Social Studies Today will help educators—teachers, curriculum specialists, and researchers—think deeply about contemporary social studies education. More than simply learning about key topics, this collection invites readers to think through some of the most relevant, dynamic, and challenging questions animating social studies education today.
With 12 new chapters highlighting recent developments in the field, the second edition features the work of major scholars such as James Banks, Diana Hess, Joel Westheimer, Meira Levinson, Sam Wineburg, Beth Rubin, Keith Barton, Margaret Crocco, and more. Each chapter tackles a specific question on issues such as the difficulties of teaching historical thinking in the classroom, responding to high-stakes testing, teaching patriotism, judging the credibility of Internet sources, and teaching with film and geospatial technologies.
Accessible, compelling, and practical, these chapters—full of rich examples and illustrations—showcase some of the most original thinking in the field, and offer pre- and in-service teachers alike a panoramic window on social studies curricula and instruction and new ways to improve them.
Walter C. Parker is Professor and Chair of Social Studies Education and (by courtesy) Professor of Political Science at the University of Washington, Seattle.
Praise for the Previous Edition:
"…anyone with an interest in social studies research and practice will find these essays useful. Recommended."--CHOICE
"All social studies professionals and stakeholders concerned with the social studies curriculum in our schools should read this book."--Education Review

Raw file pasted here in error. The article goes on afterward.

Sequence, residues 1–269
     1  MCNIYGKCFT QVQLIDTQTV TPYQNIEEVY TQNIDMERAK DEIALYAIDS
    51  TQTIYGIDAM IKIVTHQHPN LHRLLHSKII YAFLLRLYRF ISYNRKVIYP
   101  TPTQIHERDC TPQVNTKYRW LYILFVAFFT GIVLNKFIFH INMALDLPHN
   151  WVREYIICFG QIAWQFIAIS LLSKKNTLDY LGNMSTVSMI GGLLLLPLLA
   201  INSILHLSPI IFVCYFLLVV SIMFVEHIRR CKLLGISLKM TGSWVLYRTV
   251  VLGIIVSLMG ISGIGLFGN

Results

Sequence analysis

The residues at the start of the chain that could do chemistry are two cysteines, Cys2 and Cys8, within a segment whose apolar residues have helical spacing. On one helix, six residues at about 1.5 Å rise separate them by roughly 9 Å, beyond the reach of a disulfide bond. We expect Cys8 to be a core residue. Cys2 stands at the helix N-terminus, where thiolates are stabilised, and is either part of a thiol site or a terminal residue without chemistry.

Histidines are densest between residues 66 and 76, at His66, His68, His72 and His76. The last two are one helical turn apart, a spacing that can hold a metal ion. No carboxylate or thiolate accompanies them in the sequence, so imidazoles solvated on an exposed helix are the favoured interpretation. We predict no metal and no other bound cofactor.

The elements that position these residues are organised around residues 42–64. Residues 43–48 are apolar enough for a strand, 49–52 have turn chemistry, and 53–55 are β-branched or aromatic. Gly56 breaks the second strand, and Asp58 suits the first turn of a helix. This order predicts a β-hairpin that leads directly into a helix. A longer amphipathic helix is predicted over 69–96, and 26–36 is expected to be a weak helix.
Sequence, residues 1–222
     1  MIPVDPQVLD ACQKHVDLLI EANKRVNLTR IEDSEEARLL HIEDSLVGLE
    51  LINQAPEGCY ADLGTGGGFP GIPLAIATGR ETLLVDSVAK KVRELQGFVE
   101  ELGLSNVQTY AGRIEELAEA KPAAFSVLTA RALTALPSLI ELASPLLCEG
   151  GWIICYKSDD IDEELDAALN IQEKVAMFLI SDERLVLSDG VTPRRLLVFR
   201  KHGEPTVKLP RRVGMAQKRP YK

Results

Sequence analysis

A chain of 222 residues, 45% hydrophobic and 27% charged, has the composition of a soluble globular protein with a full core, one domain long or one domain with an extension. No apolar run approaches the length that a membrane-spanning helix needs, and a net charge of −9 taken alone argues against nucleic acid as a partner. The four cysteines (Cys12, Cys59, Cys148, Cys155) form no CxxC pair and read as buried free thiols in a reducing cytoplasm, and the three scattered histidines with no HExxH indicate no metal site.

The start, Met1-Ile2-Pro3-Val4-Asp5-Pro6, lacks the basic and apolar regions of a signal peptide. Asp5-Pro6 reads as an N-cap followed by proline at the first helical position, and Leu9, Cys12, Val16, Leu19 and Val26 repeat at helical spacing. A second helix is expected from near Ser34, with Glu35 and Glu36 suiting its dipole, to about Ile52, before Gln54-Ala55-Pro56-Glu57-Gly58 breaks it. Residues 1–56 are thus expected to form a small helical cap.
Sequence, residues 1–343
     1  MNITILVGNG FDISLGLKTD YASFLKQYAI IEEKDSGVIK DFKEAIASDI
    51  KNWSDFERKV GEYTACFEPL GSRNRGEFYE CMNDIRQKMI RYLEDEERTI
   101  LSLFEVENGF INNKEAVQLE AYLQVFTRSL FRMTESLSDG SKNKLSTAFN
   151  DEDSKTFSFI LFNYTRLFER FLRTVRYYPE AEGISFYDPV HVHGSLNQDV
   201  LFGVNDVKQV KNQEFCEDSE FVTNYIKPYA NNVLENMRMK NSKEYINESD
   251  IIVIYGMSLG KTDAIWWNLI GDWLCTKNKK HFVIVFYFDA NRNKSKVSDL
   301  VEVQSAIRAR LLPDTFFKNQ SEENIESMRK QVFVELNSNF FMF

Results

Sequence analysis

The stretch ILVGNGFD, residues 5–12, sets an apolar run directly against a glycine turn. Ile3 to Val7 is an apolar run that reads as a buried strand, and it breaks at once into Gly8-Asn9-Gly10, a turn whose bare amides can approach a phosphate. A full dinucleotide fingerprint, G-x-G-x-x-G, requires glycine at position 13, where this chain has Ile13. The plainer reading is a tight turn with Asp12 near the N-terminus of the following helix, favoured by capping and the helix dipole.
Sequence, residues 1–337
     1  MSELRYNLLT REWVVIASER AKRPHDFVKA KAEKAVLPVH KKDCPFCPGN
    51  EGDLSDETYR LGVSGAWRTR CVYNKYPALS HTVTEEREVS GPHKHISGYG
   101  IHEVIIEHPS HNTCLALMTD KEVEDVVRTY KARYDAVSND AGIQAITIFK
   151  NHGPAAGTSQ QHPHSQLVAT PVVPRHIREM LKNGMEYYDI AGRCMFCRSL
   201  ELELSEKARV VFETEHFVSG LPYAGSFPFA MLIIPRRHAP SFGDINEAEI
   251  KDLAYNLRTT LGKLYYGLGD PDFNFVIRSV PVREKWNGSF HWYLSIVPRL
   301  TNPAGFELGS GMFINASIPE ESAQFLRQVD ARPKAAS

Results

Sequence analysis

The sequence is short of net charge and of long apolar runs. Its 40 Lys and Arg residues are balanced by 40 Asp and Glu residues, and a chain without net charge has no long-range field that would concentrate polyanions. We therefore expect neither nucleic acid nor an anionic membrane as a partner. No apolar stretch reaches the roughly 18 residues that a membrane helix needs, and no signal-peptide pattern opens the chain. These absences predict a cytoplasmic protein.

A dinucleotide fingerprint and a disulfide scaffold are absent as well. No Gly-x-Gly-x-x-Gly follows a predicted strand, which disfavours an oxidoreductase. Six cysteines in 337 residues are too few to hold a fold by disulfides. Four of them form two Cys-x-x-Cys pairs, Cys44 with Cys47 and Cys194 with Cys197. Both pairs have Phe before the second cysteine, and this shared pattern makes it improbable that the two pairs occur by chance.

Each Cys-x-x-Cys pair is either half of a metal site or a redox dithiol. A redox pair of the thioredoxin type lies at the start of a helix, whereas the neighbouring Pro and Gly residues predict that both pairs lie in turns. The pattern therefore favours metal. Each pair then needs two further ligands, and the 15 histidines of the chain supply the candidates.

Preface. Introduction. 1. Social studies education eC21. Walter C. Parker. Purpose Matters. 2. Social studies and the social order: transmission or transformation? William B. Stanley. 3. The social studies wars, now and then. Ronald W. Evans. 4. Why don't more history teachers engage students in interpretation? Keith Barton & Linda Levstik. 5. High-stakes testing: How are social studies teachers responding? S. G. Grant. 6. Authentic intellectual work: common standards for teaching social studies. M. Bruce King, Fred M. Newmann & Dana L. Carmichael. 7. Achieving authentic pedagogy: Plan units not lessons. John Saye & Associates. 8. The unfortunate consequences of bloom’s taxonomy. Roland Case. Perspective Matters. 9. Education and diversity. James A. Banks, Peter Cookson, Geneva Gay, Willis D. Hawley, Jacqueline Jordan Irvine, Sonia Nieto, Janet Ward Schofield, & Walter Stephan. 10. Isn’t culturally responsive instruction just good teaching? Kathryn H. Au. 11. Silence on gays and lesbians in social studies curriculum. Stephen J. Thornton. 12. Race, gender, and the teaching and learning of national history. Terrie Epstein & Jessica Shiller. 13. Should social studies be patriotic? Joel Westheimer. 14. Building the civic potential of immigrant youth. Kathryn M. Obenchain & Rebecca M. Callahan. Subject Matters. 15. What can Forrest Gump tell us about students' historical understanding? Sam Wineburg, Susan Mosborg, & Dan Porat. 16. What does it mean to think historically … and how do you teach it? Bruce Van Sledright. 17. What makes a good history essay: Assessing historical aspects of argumentative writing. Chauncey Monte-Sano. 18. What do children know about cultural universals? Jere Brophy & Janet Alleman. 19. “Holocaust fatigue” in teaching today. Simone Schweber. 20. High quality civic education: What is it and who gets it? Joseph Kahne & Ellen Middaugh. 21. Action civics in the classroom. Meira Levinson. 22. Youth civic identity development in the U.S. History course. Beth C. Rubin. Global Matters. 23. Using literature to teach about Others: The case of Shabanu. Margaret Smith Crocco. 24. The two world histories. Ross E Dunn. 25. Around the world with geospatial technologies. Andrew J. Milson & Joseph J. Kerski. 26. Keeping, making, and building peace in school. Kathy Bickmore. 27. Judging the credibility of Internet sources: developing critical and reflexive readers on complex digital texts. Mark Baildon & James Damico. Puzzles. 28. Discussion in social studies: Is it worth the trouble? Diana Hess. 29. What constrains meaningful social studies teaching? Catherine Cornbleth. 30. Can tolerance be taught? Patricia G. Avery. 31. Teaching intellectually challenging social studies in the middle school: problems and possibilities. Hilary G. Conklin. 32. Teaching With and About Film. Jeremy Stoddard. Credits. Index.